I agree that it is a war of presuppositions, but when it is suggested that Protestantism leaves us on our own does not HBC 1 answer that, as in we are not our own but belong in body and in soul, in life and in death to (whom?) the Son? I may be missing forest for trees, but you’ve just revised HBC 1 from being Christocentric to Pneumacentric:

    We are not on our own; the Spirit strives within us, wars against the flesh, causes us to persevere.

    To borrow from the courtroom analogy we JPers love so much, do people who want to prove their innocence/disprove their guilt point to something inside them or something outside them?

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  29. Jeff, it seems to me you’re missing an important part of that Reformed response, which is, because I am justified I have confidence that no matter how bloody that Spirit-led battle with sin is, I get the victory. I may be dinged up because of ongoing sin, but I have the righteousness of Christ as my very own.

    I think that has a lot to do with motivation. But even more basic is what it says about me and my dependence on Christ.

    BTW, I don’t see union as essential to your response to the RC. In fact, much of what you say was said historically by Reformed on the nature of the Christian life before union became the alleged solution to antinomianism.

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  30. Zrim,

    I think you’re dividing the work of the Spirit and the Son too sharply. Paul does not do this:

    You, however, are controlled not by the sinful nature but by the Spirit, if the Spirit of God lives in you. And if anyone does not have the Spirit of Christ, he does not belong to Christ. But if Christ is in you, your body is dead because of sin, yet your spirit is alive because of righteousness. And if the Spirit of him who raised Jesus from the dead is living in you, he who raised Christ from the dead will also give life to your mortal bodies through his Spirit, who lives in you.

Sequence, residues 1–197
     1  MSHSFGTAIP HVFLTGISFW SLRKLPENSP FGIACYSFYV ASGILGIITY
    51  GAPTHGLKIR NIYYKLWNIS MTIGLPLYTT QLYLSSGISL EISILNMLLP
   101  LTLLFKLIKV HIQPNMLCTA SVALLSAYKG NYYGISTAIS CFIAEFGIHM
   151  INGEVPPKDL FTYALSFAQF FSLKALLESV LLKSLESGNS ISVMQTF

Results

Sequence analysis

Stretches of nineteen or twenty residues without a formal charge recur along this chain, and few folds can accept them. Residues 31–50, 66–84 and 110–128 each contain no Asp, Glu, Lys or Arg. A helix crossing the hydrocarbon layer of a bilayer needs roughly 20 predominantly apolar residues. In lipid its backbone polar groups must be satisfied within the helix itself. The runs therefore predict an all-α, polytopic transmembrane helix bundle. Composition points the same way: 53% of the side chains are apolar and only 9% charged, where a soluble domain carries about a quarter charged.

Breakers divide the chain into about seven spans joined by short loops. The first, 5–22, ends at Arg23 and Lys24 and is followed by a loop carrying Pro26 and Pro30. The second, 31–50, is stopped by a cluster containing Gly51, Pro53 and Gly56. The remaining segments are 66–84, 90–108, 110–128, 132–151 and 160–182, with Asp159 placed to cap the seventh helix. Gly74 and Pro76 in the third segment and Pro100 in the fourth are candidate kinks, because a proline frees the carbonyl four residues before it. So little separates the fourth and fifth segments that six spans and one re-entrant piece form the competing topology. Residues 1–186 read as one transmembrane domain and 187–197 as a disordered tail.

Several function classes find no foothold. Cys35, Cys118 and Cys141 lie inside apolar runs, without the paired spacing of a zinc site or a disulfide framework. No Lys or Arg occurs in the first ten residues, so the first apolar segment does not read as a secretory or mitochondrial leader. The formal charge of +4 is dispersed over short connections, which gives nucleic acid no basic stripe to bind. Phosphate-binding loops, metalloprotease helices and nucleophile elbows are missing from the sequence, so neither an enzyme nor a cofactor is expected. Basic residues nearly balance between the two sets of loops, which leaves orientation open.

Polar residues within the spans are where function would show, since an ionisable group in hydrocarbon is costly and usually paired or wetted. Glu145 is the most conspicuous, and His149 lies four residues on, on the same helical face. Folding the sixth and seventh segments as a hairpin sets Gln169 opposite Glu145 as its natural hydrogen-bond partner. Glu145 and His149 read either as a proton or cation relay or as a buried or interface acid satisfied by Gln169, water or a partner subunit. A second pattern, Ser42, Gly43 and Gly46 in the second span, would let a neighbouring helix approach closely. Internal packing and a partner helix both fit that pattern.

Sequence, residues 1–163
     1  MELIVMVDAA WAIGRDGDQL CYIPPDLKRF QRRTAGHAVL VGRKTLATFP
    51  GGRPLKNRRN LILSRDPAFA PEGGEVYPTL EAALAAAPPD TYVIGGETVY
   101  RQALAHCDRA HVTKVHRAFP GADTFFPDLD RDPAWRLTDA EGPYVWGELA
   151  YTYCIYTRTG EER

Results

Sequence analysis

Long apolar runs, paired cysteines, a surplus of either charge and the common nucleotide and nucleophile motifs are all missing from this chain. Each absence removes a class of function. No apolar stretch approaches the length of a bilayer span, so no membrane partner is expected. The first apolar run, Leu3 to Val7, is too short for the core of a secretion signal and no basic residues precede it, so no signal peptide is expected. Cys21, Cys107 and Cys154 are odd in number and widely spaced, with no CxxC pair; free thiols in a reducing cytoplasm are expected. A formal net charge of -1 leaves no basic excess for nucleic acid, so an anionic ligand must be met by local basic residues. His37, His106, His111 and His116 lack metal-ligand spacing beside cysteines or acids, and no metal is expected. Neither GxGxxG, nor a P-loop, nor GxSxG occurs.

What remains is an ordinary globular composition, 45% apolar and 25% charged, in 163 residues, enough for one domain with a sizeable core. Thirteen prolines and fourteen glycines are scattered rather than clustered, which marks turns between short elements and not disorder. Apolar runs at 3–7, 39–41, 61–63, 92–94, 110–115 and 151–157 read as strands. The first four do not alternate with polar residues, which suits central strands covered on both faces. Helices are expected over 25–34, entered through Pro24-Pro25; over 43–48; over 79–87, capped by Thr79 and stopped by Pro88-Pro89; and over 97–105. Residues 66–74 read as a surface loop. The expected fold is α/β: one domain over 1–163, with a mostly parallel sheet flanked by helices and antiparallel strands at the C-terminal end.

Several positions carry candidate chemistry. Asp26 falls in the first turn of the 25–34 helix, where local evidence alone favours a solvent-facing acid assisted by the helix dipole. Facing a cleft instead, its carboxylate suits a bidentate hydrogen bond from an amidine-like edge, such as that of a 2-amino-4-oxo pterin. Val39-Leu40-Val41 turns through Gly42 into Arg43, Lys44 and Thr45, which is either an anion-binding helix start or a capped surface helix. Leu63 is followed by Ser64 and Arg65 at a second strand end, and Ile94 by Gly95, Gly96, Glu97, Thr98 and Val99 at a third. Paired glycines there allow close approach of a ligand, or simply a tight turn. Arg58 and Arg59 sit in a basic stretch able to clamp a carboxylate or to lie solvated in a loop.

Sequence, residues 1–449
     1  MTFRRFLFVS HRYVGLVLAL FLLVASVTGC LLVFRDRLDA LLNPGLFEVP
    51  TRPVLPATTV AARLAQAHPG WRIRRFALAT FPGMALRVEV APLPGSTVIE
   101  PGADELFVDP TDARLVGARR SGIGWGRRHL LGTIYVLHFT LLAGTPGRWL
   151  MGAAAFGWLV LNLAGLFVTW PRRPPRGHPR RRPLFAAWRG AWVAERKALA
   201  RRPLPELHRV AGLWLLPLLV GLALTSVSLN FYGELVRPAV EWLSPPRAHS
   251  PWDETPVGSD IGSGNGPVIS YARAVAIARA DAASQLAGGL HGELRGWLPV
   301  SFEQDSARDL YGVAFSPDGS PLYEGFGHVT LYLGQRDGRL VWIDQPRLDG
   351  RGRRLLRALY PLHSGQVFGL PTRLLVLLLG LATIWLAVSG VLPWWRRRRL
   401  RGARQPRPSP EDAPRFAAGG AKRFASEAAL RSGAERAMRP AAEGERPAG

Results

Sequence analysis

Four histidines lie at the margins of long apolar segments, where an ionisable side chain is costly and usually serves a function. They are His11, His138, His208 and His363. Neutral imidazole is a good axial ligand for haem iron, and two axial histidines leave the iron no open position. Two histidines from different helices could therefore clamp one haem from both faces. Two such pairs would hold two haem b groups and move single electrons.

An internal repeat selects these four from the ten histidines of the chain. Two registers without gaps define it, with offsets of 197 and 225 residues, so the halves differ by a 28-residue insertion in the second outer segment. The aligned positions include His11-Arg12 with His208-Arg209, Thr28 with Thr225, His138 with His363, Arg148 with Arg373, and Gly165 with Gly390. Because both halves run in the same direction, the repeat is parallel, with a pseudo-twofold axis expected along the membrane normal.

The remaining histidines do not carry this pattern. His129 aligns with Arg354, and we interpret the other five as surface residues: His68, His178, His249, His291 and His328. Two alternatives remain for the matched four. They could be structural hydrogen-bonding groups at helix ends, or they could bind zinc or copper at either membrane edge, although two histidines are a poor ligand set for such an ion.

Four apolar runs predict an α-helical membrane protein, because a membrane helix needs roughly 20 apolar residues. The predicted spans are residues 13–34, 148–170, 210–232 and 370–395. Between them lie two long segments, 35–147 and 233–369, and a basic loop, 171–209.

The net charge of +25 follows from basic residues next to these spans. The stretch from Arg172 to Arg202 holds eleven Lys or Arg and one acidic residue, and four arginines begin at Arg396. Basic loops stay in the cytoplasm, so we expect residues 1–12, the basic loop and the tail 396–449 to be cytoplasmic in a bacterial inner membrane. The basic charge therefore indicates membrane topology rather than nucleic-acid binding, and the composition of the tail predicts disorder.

For Paul, having the Spirit of Christ indwelling is synonymous with having Christ indwelling.

    DGH: Jeff, it seems to me you’re missing an important part of that Reformed response, which is, because I am justified I have confidence that no matter how bloody that Spirit-led battle with sin is, I get the victory. I may be dinged up because of ongoing sin, but I have the righteousness of Christ as my very own.

    I think you’re combining two concepts here. Both are true, but I don’t see them tied together in the same way.

    (1) I have the righteousness of Christ as my own because I am justified.

    Absolutely, fundamentally true.

    (2) No matter how bloody the ongoing battle is, the outcome of that battle is assured.

    Also fundamentally true.

    But the ground of (2) is only partially (1). The additional ground is the fact that the Spirit of Christ dwells within. He is the deposit guaranteeing our inheritance.

    Does the fact of my justification guarantee my glorification? Not by itself. It is the power of Christ, not our verdict, that transforms our bodies.

    The Confession says this about our perseverance (which is what you are speaking of in reference to bloody battles):

    2. This perseverance of the saints depends not upon their own free will, but upon the immutability of the decree of election, flowing from the free and unchangeable love of God the Father; upon the efficacy of the merit and intercession of Jesus Christ, the abiding of the Spirit, and of the seed of God within them, and the nature of the covenant of grace: from all which ariseth also the certainty and infallibility thereof.

    It is not justification alone, but the duplex gratia upon which our perseverance depends.

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  31. For Paul, having the Spirit of Christ indwelling is synonymous with having Christ indwelling.

    Jeff,

    Again, I think you’re moving away from the question at hand and answering something else. The question isn’t “Is the indwelling of the Spirit the same as having union with Christ?” Of course it is. But the question at hand is what keeps us from antinomianism, what motivates us to do good works?

    It’s interesting. The question before was how are we right with God? Your answer was by justification AND union, and you seemed to suggest that those who prioritize justification and say that union is more implicit than instrumental have something against union (which was denied). Now the question is what motivates us to do good works, and your answer is the Spirit AND the Son, and you seem close to suggesting that those who would say the Son motivates and the Spirit empowers might have something against the Spirit. But, yes, to have the Spirit is to belong to the Son, but having the Spirit doesn’t do a thing to quell fears about antinomianism anymore than union makes us right with God.

    Does the fact of my justification guarantee my glorification? Not by itself. It is the power of Christ, not our verdict, that transforms our bodies.